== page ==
Two-year vascular hospitalisation rates and associated costs in patients at risk of atherothrombosis in France and Germany: highest burden for peripheral arterial disease.
ABSTRACT To obtain Western European perspectives on the economic burden of atherothrombosis in patients with multiple risk factors only (MRF), cerebrovascular disease (CVD), coronary artery disease (CAD), and in the under-evaluated group of patients with peripheral arterial disease (PAD), we examined vascular-related hospitalisation rates and associated costs in France and Germany.
The prospective REACH Registry enrolled 4693 patients in France, and 5594 patients in Germany (from December 2003 until June 2004).
For each country, 2-year rates and costs associated with cardiovascular events and vascular-related hospitalisations were examined for patients with MRF, CVD, CAD, and PAD.
Two-year hospitalisation costs were highest for patients with PAD (3182.1€ for France; 2724.4€ for Germany) and lowest for the MRF group (749.1€ for France; 503.3€ for Germany). Peripheral revascularizations and amputations were the greatest contributors to costs for all risk groups. Across all PAD subgroups, peripheral procedures constituted approximately half of the 2-year costs.
Hospitalisation rates and costs associated with atherothrombotic disease in France and Germany are high, especially so for patients with PAD.
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ABSTRACT: The aim of the current study was to quantify the burden of peripheral arterial disease (PAD) with respect to health-related quality of life, work productivity and activity impairment, and healthcare resource utilization. Data were obtained from the 2010 EU National Health and Wellness Survey (NHWS), which included participants from France, Germany, Italy, Spain, and the UK (5EU, N = 57,805) as well as the 2010 US NHWS (N = 75,000). The NHWS is an annual, cross-sectional, self-administered Internet survey which employs a stratified random sampling frame to match the age and gender characteristics of the NHWS sample with known population statistics. Participants who self-reported a diagnosis of PAD were compared with participants who did not self-report a diagnosis of PAD on health-related quality of life (mental and physical component summary scores and health utilities from the Short Form-12v2), work productivity and activity impairment (Work Productivity and Activity Impairment questionnaire), and healthcare resource use in terms of the number of physician visits, emergency room visits, and hospitalizations in the past six months through regression modeling adjusting for demographics and health characteristics. A total of 743 (1.29%) and 777 (1.04%) participants self-reported a diagnosis of PAD in the 5EU and US, respectively. After adjusting for demographics and health characteristics, patients with PAD reported worse health-related quality of life, as measured by health utilities (5EU: 0.66 vs. 0.70; US: 0.66 vs. 0.72; all p < .05), greater overall work impairment percentage (5EU: 38.27% vs. 27.48%; US: 23.89% vs. 14.26%) and greater healthcare resource use compared to participants without PAD (all p < .05). These results suggest a significant burden for patients with PAD in both the 5 EU countries and the US with respect to both quality of life and economic outcomes. Improved management of these patients may have profound effects from both patient and societal perspectives.Health and Quality of Life Outcomes 10/2013; 11(1):175. · 2.27 Impact Factor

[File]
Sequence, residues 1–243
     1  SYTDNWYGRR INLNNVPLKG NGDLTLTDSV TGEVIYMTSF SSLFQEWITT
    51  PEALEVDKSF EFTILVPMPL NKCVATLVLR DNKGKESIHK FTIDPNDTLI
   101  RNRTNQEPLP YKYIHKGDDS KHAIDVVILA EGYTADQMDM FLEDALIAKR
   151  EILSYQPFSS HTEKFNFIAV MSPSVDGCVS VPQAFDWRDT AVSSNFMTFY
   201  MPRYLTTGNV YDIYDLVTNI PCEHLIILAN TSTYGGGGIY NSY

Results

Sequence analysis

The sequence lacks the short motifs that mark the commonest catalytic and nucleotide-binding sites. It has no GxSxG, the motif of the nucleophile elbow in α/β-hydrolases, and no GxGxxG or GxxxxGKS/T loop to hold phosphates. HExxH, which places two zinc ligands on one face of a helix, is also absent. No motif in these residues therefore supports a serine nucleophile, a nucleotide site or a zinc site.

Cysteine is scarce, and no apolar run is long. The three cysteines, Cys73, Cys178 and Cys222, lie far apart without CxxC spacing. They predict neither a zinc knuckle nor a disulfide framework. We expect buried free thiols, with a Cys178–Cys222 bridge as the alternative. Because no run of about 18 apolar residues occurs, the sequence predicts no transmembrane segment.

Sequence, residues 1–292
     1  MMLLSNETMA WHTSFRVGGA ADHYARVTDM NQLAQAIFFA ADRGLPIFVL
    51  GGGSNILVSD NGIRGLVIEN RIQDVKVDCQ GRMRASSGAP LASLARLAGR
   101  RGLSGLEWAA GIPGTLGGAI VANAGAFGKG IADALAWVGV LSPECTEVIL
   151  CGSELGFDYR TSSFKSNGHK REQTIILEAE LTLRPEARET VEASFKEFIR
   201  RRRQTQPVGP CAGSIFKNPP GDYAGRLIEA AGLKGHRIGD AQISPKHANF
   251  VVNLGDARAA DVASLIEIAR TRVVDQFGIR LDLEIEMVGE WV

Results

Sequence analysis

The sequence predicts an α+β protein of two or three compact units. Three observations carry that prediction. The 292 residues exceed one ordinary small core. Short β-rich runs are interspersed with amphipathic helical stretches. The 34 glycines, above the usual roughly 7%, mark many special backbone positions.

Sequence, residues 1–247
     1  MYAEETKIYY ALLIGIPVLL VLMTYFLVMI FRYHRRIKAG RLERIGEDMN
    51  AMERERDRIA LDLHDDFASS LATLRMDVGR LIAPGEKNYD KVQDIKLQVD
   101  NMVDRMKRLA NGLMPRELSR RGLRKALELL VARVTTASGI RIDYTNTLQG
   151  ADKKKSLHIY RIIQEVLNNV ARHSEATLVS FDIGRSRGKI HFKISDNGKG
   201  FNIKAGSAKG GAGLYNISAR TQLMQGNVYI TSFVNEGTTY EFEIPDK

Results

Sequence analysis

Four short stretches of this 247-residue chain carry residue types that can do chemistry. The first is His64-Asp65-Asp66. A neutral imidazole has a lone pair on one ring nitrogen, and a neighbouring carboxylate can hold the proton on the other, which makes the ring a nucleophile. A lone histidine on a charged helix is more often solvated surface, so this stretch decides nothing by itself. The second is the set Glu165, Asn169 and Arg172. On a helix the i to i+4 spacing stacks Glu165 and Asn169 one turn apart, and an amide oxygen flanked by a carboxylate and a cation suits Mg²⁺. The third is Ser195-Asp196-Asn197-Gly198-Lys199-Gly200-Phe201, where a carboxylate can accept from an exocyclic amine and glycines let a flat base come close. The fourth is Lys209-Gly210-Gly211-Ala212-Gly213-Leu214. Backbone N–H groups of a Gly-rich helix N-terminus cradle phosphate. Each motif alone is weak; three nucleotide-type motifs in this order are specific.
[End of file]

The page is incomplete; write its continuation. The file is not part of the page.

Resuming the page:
- Journal of thoracic disease. 06/2013; 5(3):207-8.